Currently under mentorship of Chitra Visweswaran, Shanmugham is developing finer and subtle nuances of Vazhuvoor bani. He has been performing for past twenty years and has a sound grounding in the said bani under the legendary K.J. Sarasa. For the evening he had carefully selected from Shaiva and Vaishnava repertoire in Tamizh, choreographed by K.J. Sarasa. This was re-visited and re-edited by Chitra. It comprised of two Theva Padhigams - Kunitha Puruvamum of Thirunavukkarasar. It was followed by Thodudaiya Saviyan of Thirugnana Sambandar in raga Gambeera Nattai and adi tala.

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Friday, 17 January 2020

Interview - Sandeep Dutta: Dancers should attend workshops on lights - Shveta Arora

We begin from the end of the performance, after the audience is moving out, when you see the lights being dismantled, the wires being wound and all the equipment being taken apart. And in the middle of this, you see this inconspicuous person who's directing the entire thing, and all that you have seen of him is when he comes on stage at the end for the credits. It is then that you realize how the special effects in the performance were brought out using the lights, how the dancer's emotions in her solo were so wonderfully clear to you, how the spotlight followed the dancer and the colours of the lights changed with the hues of the rasas.

Lights designer Sandeep Dutta is one of the most well-known names in Delhi's cultural circles. He has worked on shows for some of the eminent dancers and musicians, both those from Delhi and those performing in Delhi. Light design is integral to creating the right mood and atmosphere in a performance. My photographer husband and I interviewed Sandeep Dutta to find out how he designs the lights for different productions, the challenges for light design in the Indian scenario, and the prospects in the profession.

How did you get started in the profession?
We came to Delhi in 1986 from UP. My father was a doctor and we had a house in Delhi, so when he retired, we shifted to Delhi. After schooling, I did Electronics from IETE. I was looking for something constructive at that time. Fortunately, I met Gautam Bhattacharya, who became my guru and mentor. We stayed in the same colony and would meet often. He suggested taking up light designing as a career. But at that time, my parents had not heard of light designing. So initially, my father refused.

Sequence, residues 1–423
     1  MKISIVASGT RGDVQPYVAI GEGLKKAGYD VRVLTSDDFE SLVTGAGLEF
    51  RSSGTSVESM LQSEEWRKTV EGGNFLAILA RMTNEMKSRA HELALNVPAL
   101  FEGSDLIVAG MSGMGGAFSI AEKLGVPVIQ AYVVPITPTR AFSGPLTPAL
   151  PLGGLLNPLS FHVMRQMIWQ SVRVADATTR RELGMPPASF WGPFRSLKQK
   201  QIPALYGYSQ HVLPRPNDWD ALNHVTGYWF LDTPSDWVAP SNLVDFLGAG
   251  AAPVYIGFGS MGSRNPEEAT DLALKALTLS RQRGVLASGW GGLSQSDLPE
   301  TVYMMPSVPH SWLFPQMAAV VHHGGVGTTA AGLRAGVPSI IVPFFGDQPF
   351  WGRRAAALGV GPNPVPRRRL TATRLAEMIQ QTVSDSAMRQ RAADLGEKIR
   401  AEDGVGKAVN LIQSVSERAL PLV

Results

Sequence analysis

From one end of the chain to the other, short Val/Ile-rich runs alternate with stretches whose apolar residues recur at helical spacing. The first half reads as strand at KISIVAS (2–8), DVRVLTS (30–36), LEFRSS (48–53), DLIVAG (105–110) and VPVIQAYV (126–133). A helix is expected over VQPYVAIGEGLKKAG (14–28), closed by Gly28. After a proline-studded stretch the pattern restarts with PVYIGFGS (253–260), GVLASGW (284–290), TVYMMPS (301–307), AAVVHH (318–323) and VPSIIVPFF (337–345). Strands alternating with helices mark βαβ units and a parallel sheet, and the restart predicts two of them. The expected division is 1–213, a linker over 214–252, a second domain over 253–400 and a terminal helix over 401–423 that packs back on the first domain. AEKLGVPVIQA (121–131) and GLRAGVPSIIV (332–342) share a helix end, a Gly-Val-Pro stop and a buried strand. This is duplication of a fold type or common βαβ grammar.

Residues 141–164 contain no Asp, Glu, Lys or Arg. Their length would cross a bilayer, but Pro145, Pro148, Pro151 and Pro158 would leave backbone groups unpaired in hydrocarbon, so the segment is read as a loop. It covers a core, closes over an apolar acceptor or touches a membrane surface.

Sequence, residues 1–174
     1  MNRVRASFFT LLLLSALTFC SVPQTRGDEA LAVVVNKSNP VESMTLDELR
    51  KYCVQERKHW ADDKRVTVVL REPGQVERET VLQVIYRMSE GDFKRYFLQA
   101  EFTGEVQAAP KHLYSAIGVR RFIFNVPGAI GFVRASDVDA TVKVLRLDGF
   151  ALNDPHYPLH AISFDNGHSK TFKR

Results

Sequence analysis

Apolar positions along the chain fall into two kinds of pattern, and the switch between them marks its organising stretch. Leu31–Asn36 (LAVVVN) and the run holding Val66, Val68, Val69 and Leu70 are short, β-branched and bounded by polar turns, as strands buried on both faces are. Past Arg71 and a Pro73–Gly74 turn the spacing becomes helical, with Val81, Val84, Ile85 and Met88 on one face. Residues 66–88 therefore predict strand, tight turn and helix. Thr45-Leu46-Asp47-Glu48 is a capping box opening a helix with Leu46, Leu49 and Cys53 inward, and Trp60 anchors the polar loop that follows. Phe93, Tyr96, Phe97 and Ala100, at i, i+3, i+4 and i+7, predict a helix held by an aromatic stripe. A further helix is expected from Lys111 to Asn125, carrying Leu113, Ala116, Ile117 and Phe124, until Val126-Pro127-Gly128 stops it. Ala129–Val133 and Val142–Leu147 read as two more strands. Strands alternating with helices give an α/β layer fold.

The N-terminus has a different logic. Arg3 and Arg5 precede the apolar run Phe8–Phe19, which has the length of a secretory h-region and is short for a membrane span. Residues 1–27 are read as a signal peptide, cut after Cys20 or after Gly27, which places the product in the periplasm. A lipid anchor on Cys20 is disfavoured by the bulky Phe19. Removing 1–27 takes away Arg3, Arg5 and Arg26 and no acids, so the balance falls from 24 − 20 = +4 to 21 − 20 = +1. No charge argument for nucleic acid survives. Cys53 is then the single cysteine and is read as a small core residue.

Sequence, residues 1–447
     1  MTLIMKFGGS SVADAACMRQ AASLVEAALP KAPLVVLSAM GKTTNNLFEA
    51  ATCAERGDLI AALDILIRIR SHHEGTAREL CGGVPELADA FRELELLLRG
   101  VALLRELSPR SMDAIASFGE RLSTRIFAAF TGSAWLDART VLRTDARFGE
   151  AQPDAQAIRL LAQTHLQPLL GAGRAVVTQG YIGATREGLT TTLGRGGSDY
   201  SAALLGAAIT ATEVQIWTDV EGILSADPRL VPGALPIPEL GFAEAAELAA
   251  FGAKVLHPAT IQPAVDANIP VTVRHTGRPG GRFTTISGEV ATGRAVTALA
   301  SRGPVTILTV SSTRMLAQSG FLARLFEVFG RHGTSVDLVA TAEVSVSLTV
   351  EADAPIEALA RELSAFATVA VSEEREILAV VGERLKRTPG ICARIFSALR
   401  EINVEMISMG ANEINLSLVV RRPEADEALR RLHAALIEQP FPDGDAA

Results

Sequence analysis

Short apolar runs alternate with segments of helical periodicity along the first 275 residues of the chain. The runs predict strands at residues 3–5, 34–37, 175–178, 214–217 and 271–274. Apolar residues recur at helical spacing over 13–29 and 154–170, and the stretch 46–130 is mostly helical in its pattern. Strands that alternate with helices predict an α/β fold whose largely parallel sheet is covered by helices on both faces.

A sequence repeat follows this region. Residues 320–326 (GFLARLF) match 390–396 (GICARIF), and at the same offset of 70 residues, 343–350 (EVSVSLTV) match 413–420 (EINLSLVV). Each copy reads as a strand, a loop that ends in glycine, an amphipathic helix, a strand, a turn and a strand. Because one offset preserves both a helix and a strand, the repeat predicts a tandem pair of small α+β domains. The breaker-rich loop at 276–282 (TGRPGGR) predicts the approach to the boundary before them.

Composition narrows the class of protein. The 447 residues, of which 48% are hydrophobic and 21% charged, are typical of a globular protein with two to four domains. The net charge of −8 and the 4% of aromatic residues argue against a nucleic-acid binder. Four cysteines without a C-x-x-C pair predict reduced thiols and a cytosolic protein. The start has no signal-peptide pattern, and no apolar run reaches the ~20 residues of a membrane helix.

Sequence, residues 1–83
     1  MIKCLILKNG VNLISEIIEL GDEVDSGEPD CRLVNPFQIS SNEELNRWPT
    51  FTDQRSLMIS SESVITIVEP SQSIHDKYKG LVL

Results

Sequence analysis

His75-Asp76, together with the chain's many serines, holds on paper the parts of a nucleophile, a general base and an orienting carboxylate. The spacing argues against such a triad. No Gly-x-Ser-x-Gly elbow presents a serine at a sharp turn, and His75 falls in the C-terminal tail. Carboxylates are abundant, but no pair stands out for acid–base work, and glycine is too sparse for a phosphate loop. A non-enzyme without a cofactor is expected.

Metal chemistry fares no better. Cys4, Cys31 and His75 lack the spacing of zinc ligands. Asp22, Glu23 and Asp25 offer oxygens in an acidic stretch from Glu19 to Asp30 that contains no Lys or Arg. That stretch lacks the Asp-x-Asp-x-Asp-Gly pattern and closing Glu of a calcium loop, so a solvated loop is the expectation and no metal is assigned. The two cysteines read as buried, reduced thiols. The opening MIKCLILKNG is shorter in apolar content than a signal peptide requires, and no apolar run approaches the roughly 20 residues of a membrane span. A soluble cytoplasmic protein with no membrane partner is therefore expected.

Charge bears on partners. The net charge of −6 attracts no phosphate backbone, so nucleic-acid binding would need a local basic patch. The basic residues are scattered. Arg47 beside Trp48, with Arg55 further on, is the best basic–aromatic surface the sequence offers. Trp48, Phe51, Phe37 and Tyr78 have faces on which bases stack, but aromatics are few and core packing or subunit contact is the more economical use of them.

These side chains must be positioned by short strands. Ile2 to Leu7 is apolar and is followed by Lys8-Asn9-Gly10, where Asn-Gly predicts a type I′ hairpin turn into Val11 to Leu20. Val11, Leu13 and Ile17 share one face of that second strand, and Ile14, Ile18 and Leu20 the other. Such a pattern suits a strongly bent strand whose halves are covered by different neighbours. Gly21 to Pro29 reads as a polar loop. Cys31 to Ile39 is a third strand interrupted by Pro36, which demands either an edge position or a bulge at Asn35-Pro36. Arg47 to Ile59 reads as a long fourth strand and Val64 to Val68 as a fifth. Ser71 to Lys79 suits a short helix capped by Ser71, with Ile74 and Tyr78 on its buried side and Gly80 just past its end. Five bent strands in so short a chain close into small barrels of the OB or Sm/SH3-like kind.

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Monday, 13 January 2020

Nirikshana: Natya Kala Conference marks its 39th year of celebration-2

Alarippu Adventures was an exciting session offering an excellent example of youngsters pushing the creative envelope with discoveries, egged on by their unbound curiosity. And they have found an excellent fellow traveller in Ramamoorthy Ganesh, the mridangist, who provided the ideal rhythmic arithmetical springboard. The Alarippu has within its rhythmic frame the versatility of accommodating different ideas in different nadais and talas, with a few like the Mayur Alarippu already known. Preeti Ramaprasad made it the Navarasa Alarippu, with the nine emotions. Christopher Guruswamy's Misrajati chemba talam Alarippu was based on Garuda, the choreography influenced by what he saw in the Ram Gopal Dance Museum in Indonesia and Rukmini Devi's Jatayu Moksham in the Ramayana Series. The ' Dhit Tam' with the eyes of the Garuda looking hither and thither and the arms in a wide wing spread were very fitting. Harinie Jeevitha's Nritta Keli wherein she showed different games in Alarippu in chatusrajati dhruva talam, was another fine effort. Radhe Jaggi in a khanda jati Alarippu drew the outlines of a temple with entrance, gopuram and sannadhi. It is the working of the various minds which was very invigorating to behold!